This is not ordinary practice. This is something else: a highly targeted, error-focused process. Something is growing, being built. (Coyle, 4 pag.)

What do we know about building skill? How do we pay attention to errors and learn from them? How might we find “the zone” more often?

The talent code is built on revolutionary scientific discoveries involving a neural insulator called myelin, which some neurologists now consider to be the holy grail of acquiring skill. (Coyle, 5 pag.)

TalentCode-Intro

Summer Reading using VTR: Sentence-Phrase-Word:
The Talent Code
Introduction: The girl who did a month's worth of practice in six minutes.

Myelin is important for several reasons. It’s universal: everyone can grow it, most swiftly during childhood but also throughout life. It’s indiscriminate: its growth enables all manner of skills, mental and physical. It’s imperceptible: we can’t see it or feel it, and we can sense its increase only by its magical-seeming effects. (Coyle, 6 pag.)


Coyle, Daniel (2009-04-16). The Talent Code: Greatness Isn’t Born. It’s Grown. Here’s How. Random House, Inc.. Kindle Edition.

Confidence, strengths, gratitude – A More Beautiful Question VTR SPW

Why do we begin to fear asking questions?

If you fear not having answers to the questions you might ask yourself, remember that one of the hallmarks of innovative problem solvers is that they are willing to raise questions without having any idea of what the answer might be. (Berger, 186 pag.)

How might we develop as questioners comfortable with uncertainty?

When you change one small thing and it works, it can help breed the confidence to change other things— including bigger ones. (Berger, 197 pag.)

If you don’t know, you don’t know.  How often do we hear questions that show uncertainty? I don’t even know where to begin.  I have no idea what question to ask. What if we offer actionable feedback, in the form of positive questions, to highlight what is known to get to what is not known? How might we bolster confidence and bravery to ask the next uncertain-of-the-answer question?

The main premise of appreciative inquiry is that positive questions, focusing on strengths and assets, tend to yield more effective results than negative questions focusing on problems or deficits. Strength-based questioning focuses on what is working in our lives— so that we can build upon that and get more out of it. (Berger, 190 pag.)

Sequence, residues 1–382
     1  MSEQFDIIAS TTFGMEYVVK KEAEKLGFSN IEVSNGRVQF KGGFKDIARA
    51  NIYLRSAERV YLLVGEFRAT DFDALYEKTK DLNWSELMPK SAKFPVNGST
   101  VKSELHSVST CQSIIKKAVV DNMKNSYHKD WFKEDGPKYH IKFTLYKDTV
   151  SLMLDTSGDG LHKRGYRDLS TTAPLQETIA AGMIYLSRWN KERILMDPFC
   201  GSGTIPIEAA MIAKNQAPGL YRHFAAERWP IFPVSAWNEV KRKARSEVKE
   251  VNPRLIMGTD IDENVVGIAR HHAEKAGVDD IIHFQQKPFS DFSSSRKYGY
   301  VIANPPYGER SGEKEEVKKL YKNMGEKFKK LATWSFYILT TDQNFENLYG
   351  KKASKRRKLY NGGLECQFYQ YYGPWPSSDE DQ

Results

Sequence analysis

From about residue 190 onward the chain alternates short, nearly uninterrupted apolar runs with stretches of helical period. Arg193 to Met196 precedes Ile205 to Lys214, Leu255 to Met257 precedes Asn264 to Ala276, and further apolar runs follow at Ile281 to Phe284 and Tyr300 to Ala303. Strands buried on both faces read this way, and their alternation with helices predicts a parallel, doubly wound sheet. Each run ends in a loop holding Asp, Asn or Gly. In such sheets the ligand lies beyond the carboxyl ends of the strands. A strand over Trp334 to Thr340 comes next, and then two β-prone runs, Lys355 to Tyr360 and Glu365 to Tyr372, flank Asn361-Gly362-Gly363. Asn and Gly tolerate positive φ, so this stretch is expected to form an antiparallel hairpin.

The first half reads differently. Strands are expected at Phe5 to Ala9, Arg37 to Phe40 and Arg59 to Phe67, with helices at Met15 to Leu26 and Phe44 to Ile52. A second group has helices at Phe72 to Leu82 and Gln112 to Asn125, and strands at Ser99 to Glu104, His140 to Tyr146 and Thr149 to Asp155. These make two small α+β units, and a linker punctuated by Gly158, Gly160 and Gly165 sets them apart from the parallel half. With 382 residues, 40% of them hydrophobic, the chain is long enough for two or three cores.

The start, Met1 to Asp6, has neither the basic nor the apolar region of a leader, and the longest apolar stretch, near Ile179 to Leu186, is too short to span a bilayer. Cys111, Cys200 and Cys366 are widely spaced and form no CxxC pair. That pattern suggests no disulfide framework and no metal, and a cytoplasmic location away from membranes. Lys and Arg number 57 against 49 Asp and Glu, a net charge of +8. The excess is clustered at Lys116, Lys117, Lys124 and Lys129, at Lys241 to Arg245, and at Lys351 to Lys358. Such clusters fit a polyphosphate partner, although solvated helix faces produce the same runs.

AMBQ-Chpt5

Summer Reading using VTR: Sentence-Phrase-Word:
A More Beautiful Question
Chapter 5: Questioning for Life

Usually, my choice of Sentence-Phrase-Word combinations connect to form an idea for me.  In this case, experiment, should be my choice for “the word” from this chapter, particularly pages 198-199.

However, the word I keep coming back to is gratitude.

Happiness researchers such as Tal Ben-Shahar, author of Happier and Being Happy and a professor at Harvard University, believe it’s important to “cultivate the habit of gratitude.” Simply by asking, at the end of each day, What am I grateful for? and writing down the answers in a “gratitude journal,” people tend to be “happier, more optimistic, more successful, more likely to achieve their goals,” according to Ben-Shahar. (Berger, 190 pag.)

What if this is an essential to learn? How might we focus on taking actions to help ourselves and others be happier, more optimistic, more successful than we were yesterday?


Berger, Warren (2014-03-04). A More Beautiful Question: The Power of Inquiry to Spark Breakthrough Ideas . BLOOMSBURY PUBLISHING. Kindle Edition.

Teaching the art of questioning – A More Beautiful Question VTR SPW

How are we teaching the art of questioning? Are we frustrated by the questions or lack of questions? What if we are more intentional about thoughtful questioning and reflection? How might we adjust the protocols and processes in our learning environments?

If a [community] is going to encourage questioning, it must teach people to do it well— or risk being besieged by nonproductive questions. (Berger, 171 pag.)

I’m intrigued by the idea not being besieged by precocious and nonproductive questions. How often do we address the first question that is launched? What if we collect many questions and then collaboratively select a questioning path to follow?

AMBQ - Chapt 4

Summer Reading using VTR: Sentence-Phrase-Word:
A More Beautiful Question
Chapter 4: Questioning in Business

How might we enhance our ability to think deeply about the questions that we dwell on and value?

…that clear vision is arrived at, and constantly modified and sharpened, through deep reflection and questioning. (Berger, 161 pag.)

What if we pause to facilitate question-storming to generate many questions?